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Ronald Dieckmann, MD and allows you to stand back and gain the confidence of the child and father before rushing to a hands-on evaluation. Place this child in the fathers arms and allow the father to keep the girl on his lap while you proceed with the evaluation. When the child is less agitated, approach gently to complete the initial assessment. Use a toe-tohead sequence. The PAT is the important first phase of the initial assessment. It does not replace the hands-on assessment of the ABCDEs and vital signs. The PAT for this child should reassure you. Urgent treatment is not needed, and a focused history and detailed physical exam can be performed first. Case 3 Answer This childs appearance is grossly abnormal. The girls lethargic appearance with no increased work of breathing or abnormal skin signs on the PAT suggests a possible intracranial injury. This could be a concussion, hemorrhage, or brain edema. The appearance indicates an unstable patient who needs rapid treatment. Complete the ABCDEs and immobilize the child. Provide 100% oxygen by mask. Use the resuscitation tape to determine her length, endotracheal tube size, weight, volume requirements, and other information relevant to drug doses. Get vascular access and give 20 ml/kg of crystalloid. Reassess. Repeat crystalloid if necessary There are many methods of determining neurologic function in this child in order to guide treatment decisions, minimize differences among different observers, and provide for consistent exams. Different systems use different methods such as the Glasgow Coma Scale or the Pediatric Glasgow Coma Scale. Some of the problems with these numerical neurologic scoring systems in children include the following: they require memorization or written prompting; they may not be easily adapted to children because of difficulties evaluating speech in nontalking or frightened youngsters; they may only apply to injury cases; and there is no validated national standard. The AVPU scale is a basic approach for children adapted from adult disability assessment. It has not been validated in children. The AVPU scale is easily linked to abnormal appearance in the PAT, which may identify more subtle signs of early neurologic dysfunction. The AVPU scale divides brain response into general categories that are simply remembered, seem to remain consistent among different observers, and provide good information for treatment decisions. Case 4 Answer This child is in respiratory failure. He has poor appearance (sleepy), poor color (pallor), and increased work of breathing (retractions, audible wheezing, flaring, tripod position). His tachypnea, tachycardia, documented hypoxia, and poor air movement support this assessment. Further, he was treated aggressively at home, with worsening symptoms despite steroids and utilization of his albuterol MDI far more frequently than is recommended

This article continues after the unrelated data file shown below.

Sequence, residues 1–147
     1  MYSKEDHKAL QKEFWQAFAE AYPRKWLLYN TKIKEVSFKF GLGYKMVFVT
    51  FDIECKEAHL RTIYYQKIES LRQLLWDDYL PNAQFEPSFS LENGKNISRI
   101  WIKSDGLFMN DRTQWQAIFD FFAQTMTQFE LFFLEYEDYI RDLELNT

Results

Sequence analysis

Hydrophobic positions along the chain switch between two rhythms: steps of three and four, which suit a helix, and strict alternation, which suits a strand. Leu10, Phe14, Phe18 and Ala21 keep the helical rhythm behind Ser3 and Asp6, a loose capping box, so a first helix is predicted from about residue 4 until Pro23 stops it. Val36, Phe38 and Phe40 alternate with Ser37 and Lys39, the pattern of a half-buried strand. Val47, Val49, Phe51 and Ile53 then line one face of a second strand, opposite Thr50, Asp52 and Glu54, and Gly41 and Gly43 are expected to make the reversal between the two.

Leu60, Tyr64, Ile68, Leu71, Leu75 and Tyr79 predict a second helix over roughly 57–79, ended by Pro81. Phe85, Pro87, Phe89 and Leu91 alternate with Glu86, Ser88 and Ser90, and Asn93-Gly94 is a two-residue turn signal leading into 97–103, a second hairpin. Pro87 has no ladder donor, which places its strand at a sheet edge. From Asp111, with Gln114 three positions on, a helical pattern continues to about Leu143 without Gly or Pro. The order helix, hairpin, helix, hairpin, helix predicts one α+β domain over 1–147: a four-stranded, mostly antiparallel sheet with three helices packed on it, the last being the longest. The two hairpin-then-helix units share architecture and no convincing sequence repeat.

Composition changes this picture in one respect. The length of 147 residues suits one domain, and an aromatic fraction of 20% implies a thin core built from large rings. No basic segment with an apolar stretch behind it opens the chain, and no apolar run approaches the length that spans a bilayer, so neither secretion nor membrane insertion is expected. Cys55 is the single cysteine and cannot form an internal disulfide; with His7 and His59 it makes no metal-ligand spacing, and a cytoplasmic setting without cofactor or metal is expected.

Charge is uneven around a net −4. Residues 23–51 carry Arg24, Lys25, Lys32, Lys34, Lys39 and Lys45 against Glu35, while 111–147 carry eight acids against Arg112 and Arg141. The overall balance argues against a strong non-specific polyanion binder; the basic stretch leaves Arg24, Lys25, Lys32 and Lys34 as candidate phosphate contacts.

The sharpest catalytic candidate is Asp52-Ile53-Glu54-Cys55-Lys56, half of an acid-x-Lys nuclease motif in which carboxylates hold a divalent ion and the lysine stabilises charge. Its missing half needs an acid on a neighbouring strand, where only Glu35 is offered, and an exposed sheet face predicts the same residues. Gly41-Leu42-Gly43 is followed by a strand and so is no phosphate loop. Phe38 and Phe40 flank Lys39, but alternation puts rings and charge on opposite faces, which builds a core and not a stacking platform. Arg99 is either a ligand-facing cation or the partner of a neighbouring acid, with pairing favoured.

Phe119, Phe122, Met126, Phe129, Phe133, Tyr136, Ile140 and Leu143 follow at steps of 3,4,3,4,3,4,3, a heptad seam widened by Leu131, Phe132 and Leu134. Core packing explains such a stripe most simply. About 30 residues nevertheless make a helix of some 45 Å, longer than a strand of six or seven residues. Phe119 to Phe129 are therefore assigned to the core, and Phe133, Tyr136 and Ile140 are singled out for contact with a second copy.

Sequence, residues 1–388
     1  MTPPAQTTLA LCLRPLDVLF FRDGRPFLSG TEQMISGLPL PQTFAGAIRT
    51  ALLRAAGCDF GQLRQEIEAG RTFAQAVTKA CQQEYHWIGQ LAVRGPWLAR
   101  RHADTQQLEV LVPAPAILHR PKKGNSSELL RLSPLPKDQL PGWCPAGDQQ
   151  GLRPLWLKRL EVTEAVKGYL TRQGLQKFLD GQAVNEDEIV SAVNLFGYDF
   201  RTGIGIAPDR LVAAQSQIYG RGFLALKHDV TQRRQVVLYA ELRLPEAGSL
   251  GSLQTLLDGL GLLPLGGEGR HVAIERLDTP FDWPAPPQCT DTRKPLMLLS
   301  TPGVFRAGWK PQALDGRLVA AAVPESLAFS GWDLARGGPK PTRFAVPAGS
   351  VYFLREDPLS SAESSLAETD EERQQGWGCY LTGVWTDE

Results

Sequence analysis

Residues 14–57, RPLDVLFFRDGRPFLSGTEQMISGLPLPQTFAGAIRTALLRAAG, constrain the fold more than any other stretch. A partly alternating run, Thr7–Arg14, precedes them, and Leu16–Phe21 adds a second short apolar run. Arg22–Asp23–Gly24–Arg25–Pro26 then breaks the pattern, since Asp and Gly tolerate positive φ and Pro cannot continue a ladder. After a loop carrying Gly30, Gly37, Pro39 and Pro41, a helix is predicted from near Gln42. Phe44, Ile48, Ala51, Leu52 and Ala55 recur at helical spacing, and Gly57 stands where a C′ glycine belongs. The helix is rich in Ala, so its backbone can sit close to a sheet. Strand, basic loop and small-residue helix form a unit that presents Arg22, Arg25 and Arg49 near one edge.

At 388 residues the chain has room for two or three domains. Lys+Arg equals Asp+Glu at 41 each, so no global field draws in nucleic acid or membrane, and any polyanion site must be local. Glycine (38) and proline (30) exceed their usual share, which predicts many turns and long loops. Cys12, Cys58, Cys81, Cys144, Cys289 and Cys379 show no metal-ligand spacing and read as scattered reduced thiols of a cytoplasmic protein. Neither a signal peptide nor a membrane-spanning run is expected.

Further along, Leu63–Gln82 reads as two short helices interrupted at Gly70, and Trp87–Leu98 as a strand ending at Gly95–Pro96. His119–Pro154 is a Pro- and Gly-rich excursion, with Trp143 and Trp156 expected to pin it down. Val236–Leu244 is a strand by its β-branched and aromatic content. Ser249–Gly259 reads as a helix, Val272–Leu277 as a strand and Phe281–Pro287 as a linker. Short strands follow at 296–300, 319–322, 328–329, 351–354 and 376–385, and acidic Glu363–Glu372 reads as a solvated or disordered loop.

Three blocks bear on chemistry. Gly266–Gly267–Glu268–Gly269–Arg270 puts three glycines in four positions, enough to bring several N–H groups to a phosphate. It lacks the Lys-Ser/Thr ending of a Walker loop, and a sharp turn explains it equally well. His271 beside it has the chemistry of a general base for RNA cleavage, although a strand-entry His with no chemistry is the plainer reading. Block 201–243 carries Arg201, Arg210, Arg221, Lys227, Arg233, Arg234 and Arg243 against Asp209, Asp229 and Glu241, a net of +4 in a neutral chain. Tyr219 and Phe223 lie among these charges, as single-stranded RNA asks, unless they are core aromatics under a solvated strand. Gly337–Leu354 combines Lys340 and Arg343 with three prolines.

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Ronald Dieckmann, MD for patient self-administration. The fact that he was up all night indicates that he was in too much respiratory distress to recline or sleep. Asthma is a chronic disease, involving inflammation of the small airways. Although bronchoconstriction, airway edema, and increased secretions all contribute to lower airway obstruction, the only part of this pathophysiology that can be reversed quickly is bronchoconstriction. General noninvasive treatment includes administration of high-flow oxygen through a nonrebreathing mask, and position of comfort. Support ventilation with BVM if his condition deteriorates. Positive pressure ventilation will require high peak inspiratory pressures and may be associated with worse air trapping and barotrauma. Specific treatment includes continuous high-dose nebulized albuterol, using 10 mg per dose, and back-to-back nebulizer treatments. Consider giving SQ epinephrine if he does not respond to the first nebulizer treatment or if his condition worsens. Endotracheal intubation may become necessary if his work of breathing results in fatigue and hypoventilation or worsening hypoxia.

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Ronald Dieckmann, MD

PEDIATRIC EMERGENCIES

Bibliography: 1. Dieckmann RA, Gausche M, Brownstein D: Textbook of Pediatric Education for Prehospital Professionals, Jones and Bartlett, 2005 2. Zitelli B, Davis H: Atlas of Pediatric Physical Diagnosis, 4th Edition. Philadelphia, Mosby, 2002 3. Anne M, Agur A, Dalley A: Grants Atlas of Anatomy, 11th Edition, Lippincott Williams & Wilkins, 2004 4. Hazinski M, Zaritsky A, Nadkarni V, et al: PALS Provider Manual, American Heart Association, 2002 5. American Academy of Pediatrics and the American College of Emergency Physicians. Textbook for APLS: The Pediatric Emergency Medicine Resource. 4th ed. Sudbury, MA. Jones and Bartlett Publishers. 2004.